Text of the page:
26 Dec


Me again.

For Christmas this year my stuffed tiger and life long guardian Dr. Tigums purchased me one shiny new X1 Carbon 8th gen to use as a personal laptop as I begin to re-imagine my career in tech. I had a 7th gen at my last job a security engineer and I absolutely loved it for so many reasons.

Anyway if you know anything about me you know that I have about a dozen arch linux computers here at the house, most of which are servers. However, there are a number of machines (my new laptop included) that I use as a personal work machine.

So. How do I backup and persist my arch linux installations across machines such that I can rebuild quickly and reliably?

The Kernel

I run the same kernel across all my development machines. Unless of course I am working on something that requires a specific kernel version, in which case I will flip out a new image for the afternoon typically compiled from source. Also all my computers are named after common transgender women names. You know. Just because. My new laptop is named Emma.

I maintain this by keeping my packages up to date using the built in pacman package manager. For AUR packages I use pacaur and always make it a point to view the source before compiling.

Installing pacaur on a fresh system

Getting pacaur set up for the first time can be a pain in the ass. Here is how I do it.

I create a $HOME/src directory for all manually built AUR packages (yes I read the source).

mkdir $HOME/src
cd $HOME/src
# auracle-git is required by pacaur
wget https://aur.archlinux.org/cgit/aur.git/snapshot/auracle-git.tar.gz
tar -xzf auracle-git.tar.gz
cd auracle-git
makepkg -si
cd ../
# now we can install pacaur
wget https://aur.archlinux.org/cgit/aur.git/snapshot/pacaur.tar.gz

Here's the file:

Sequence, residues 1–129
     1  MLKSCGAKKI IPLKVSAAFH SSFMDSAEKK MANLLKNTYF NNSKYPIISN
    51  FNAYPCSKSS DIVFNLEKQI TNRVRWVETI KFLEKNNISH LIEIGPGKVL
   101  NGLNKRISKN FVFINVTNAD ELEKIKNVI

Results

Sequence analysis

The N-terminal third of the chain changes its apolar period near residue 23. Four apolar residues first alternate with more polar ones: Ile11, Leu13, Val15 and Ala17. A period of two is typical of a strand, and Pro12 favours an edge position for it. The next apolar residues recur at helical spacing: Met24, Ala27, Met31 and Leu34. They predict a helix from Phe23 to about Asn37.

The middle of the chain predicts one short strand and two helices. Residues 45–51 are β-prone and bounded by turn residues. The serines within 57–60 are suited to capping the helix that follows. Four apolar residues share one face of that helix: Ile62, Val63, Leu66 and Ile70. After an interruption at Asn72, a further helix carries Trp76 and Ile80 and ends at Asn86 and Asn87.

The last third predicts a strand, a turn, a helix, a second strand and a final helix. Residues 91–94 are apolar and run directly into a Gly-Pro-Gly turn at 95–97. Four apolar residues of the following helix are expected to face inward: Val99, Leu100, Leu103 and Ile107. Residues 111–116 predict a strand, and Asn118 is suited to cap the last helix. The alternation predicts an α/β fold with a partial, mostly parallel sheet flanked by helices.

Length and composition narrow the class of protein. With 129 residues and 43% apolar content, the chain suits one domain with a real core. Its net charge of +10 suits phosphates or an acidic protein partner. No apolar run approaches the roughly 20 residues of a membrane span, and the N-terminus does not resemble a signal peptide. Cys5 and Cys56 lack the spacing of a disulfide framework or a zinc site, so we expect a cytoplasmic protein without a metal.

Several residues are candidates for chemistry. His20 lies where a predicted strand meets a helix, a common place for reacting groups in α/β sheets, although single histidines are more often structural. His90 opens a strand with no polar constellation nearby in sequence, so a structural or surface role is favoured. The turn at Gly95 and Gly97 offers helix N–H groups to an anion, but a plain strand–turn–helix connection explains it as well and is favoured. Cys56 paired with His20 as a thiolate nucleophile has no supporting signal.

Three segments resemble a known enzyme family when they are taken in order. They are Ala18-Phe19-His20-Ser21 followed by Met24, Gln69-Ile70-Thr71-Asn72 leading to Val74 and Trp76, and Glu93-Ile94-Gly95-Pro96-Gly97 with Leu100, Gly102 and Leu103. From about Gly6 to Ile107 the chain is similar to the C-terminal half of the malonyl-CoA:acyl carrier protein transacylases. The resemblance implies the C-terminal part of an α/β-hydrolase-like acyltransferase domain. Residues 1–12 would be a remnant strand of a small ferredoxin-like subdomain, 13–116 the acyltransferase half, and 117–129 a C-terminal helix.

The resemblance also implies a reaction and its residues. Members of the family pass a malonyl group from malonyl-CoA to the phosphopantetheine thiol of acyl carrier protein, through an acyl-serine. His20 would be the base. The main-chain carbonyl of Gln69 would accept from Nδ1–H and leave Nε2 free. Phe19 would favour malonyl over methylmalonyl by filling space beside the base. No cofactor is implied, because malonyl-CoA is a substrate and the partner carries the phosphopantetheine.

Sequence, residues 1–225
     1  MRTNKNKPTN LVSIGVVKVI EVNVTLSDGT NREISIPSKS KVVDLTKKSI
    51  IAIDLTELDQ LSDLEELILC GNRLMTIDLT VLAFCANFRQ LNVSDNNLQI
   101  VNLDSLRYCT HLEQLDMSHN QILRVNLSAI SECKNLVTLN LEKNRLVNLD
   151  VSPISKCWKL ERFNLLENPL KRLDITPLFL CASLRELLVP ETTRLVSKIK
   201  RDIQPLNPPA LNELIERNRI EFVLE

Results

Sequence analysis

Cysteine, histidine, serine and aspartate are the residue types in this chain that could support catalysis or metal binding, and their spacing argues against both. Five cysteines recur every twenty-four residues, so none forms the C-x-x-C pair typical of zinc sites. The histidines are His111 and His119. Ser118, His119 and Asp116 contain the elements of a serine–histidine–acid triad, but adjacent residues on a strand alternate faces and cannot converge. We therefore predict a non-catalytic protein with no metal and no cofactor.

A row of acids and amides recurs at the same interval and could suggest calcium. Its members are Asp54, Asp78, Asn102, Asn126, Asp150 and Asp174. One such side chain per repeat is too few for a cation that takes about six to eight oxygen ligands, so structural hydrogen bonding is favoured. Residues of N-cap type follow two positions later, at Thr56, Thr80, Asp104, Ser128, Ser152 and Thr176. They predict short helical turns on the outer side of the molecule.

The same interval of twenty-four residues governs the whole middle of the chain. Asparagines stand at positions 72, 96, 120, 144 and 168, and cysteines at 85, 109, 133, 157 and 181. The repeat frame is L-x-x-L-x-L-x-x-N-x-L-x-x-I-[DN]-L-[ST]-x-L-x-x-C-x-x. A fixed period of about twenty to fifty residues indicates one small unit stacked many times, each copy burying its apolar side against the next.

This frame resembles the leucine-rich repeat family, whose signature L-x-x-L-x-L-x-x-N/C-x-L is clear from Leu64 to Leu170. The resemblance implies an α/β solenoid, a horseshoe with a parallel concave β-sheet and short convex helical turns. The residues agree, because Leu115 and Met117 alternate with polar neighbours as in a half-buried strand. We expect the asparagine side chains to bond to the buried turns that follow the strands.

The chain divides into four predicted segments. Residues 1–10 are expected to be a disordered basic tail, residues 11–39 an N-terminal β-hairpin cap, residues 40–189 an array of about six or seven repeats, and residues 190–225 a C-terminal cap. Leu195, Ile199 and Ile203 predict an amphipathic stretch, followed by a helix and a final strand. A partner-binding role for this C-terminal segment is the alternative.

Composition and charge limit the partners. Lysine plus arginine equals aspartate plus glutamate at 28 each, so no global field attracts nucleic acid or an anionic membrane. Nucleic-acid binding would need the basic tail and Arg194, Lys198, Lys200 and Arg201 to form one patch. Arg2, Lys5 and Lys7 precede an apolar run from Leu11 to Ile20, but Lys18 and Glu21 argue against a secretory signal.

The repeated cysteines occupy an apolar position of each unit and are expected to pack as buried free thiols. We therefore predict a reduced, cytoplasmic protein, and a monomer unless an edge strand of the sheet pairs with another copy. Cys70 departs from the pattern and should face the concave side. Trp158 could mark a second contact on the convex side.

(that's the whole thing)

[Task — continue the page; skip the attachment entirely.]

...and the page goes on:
tar -xzf pacaur.tar.gz
cd pacaur
pacman -S jq expac
makepkg -si

Groovy. Now we can easily install packages from the AUR using the same syntax as pacman and trying the official repositories first.


Okay now here is where things get interesting.

I like to keep a cache of all the packages (including AUR packages) on a machine by machine basis. I have a private git repository that I store all my home directory magic in. I keep most of that secret sauce to myself.

Regardless, here is a small part of my bash system that I use to cache packages. Whenever I open up a new bash shell (yes I use bash) I run a quick and light weight cache dump.

Notice how we have a unique ID. This is calculated using lsblk. I then dump the package list to my home directory and voila now I now have a cache of every package on the system that I can easily git push to my repository.

COMPUTERID=$(lsblk -nro SERIAL | head -n 1)                                                                                                 
pkgs=$(pacaur -Q | cut -f 1 -d " ")                                                                                                         
echo $pkgs > ~/rc/package.list.${COMPUTERID}                                                                                                
echo "ID: ${COMPUTERID}"  

Now as I begin screwing around with packages and rebuilding kernel modules and effectively completely fucking over my system I at least have a place of sanity I can come back to. I can simply sync from the master list.

And now we have a unique package list and standard kernel across all my happy little arch linux machines. Easy to back up and easy to restore from.

Happy holidays. Remember to tell everyone you love how much you love them.